We all know to steer clear of deep-fried and oily foods because the extra oil is bad for our hearts (as well as our waistlines). But this new study shows that it may be the temperature we’re cooking our food at that magnifies the problem, above and beyind the amount of oil we’re using.

“When food is heated up to a high temperature, new compounds are created, and some of them are known to be harmful to health,” said Raj Bhopal, professor of public health at the University of Edinburgh, who led the research. “This is not to do with frying. … it’s more to do with the cooking process, with the temperature.”
When foods are cooked at high temperatures, they release chemicals known as neo-formed contaminants, or NFCs. This group includes trans-fatty acids — or trans fats — that are known to increase the risk of heart disease. “When the temperature is high, (trans fats) are produced at a very high rate,” Bhopal said.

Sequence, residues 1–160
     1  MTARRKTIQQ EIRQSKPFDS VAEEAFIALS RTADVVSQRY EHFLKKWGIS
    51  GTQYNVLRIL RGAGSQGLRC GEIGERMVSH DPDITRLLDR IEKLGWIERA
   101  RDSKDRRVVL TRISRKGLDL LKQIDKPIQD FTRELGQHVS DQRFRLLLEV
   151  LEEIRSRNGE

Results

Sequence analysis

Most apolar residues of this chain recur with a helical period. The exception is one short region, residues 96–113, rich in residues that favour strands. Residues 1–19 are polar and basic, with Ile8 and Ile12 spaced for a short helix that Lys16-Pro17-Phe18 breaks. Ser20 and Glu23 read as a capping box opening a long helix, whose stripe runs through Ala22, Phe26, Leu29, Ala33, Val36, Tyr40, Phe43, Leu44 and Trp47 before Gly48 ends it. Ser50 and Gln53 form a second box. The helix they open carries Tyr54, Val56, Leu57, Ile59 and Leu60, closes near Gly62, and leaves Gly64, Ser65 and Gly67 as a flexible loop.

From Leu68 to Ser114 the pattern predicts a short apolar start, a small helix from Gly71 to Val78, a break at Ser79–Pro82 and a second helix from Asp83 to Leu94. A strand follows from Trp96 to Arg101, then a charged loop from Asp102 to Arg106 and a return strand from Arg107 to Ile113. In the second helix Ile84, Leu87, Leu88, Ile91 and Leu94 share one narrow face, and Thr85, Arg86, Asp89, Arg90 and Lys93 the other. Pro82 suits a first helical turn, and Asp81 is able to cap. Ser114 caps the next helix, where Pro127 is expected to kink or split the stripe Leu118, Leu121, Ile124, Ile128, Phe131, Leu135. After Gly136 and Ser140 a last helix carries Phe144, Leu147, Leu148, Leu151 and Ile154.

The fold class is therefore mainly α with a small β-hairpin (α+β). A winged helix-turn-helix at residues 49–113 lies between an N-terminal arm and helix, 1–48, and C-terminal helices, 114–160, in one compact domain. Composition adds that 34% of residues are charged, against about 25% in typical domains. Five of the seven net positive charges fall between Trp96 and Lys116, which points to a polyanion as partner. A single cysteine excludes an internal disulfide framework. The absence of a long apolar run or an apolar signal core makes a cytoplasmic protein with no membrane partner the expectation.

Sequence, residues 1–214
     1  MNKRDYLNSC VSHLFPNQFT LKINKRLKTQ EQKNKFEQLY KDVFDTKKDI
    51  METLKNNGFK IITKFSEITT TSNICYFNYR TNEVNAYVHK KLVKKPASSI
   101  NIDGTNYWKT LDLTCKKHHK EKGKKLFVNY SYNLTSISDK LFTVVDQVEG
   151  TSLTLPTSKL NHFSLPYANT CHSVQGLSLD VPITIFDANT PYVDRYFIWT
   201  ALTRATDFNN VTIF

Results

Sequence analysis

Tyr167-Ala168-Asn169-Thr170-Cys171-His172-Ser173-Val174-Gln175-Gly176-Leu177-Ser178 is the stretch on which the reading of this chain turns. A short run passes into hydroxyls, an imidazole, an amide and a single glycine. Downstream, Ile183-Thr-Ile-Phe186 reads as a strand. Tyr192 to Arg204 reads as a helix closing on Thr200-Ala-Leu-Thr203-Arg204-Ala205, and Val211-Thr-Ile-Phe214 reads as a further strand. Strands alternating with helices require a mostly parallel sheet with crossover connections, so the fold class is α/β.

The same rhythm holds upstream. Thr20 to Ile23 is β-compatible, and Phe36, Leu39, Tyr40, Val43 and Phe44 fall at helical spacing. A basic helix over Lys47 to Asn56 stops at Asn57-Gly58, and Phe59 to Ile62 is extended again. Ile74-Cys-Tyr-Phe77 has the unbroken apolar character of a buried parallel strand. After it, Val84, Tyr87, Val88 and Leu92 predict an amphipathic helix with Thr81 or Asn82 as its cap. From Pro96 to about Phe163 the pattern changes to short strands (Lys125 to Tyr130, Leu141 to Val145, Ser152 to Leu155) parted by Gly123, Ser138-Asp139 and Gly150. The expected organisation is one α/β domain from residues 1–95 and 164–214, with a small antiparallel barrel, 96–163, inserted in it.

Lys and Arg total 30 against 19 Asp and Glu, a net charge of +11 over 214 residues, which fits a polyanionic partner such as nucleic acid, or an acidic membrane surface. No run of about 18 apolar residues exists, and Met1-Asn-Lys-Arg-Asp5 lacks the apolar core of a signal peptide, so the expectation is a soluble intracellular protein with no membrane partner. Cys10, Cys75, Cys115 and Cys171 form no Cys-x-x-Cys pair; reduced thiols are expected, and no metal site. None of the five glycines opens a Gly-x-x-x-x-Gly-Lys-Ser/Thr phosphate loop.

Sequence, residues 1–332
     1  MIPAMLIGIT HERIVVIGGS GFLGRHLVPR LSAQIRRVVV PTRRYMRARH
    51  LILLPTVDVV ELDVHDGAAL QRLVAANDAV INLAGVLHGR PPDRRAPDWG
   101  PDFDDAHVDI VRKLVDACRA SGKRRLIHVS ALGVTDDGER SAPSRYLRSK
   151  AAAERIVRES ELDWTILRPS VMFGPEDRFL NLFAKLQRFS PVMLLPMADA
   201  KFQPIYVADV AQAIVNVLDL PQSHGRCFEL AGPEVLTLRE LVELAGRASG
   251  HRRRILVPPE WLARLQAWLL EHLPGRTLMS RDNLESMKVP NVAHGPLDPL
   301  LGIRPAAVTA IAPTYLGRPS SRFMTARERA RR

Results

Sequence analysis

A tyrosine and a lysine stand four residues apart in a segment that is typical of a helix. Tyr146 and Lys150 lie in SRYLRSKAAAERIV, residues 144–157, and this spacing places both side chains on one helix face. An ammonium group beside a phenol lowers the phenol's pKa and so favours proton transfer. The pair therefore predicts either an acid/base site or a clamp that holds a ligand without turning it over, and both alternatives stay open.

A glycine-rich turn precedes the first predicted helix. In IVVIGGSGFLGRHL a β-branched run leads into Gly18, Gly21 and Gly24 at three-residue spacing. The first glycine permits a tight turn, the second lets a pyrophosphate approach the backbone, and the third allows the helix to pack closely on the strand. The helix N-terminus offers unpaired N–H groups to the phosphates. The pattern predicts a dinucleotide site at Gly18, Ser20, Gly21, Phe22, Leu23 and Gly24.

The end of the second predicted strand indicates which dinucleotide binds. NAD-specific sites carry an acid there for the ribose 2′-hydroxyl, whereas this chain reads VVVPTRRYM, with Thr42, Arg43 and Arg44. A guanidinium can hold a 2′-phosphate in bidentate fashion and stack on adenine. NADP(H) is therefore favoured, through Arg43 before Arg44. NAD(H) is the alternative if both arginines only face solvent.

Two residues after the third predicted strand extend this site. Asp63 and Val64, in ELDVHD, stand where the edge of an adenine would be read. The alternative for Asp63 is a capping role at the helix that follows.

“This study shows that by heating and frying, you can change what appear to be perfectly healthy oils and make them unhealthy,” said Michael Miller, professor of cardiovascular medicine at the University of Maryland Medical Center, who was not involved in the research. By unhealthy, he means the creation of these chemical byproducts, such as trans fats.  The study hypothezies that using high temperatures, you can take healthy food and make it unehalthy by changing its chemicla composition.

“It makes sense to avoid snacks that are cooked in high-temperature oils,” said Bhopal, who himself has now switched to cooking olive oil. “Olive oil does not heat up to a very high temperature,” he said.

people can’t avoid these types of food and cooking methods at all times and, as with anything, suggest the need for moderation.
“Eating one meal is not going to do it, but it’s doing it day in, day out, on a daily basis,” Miller said.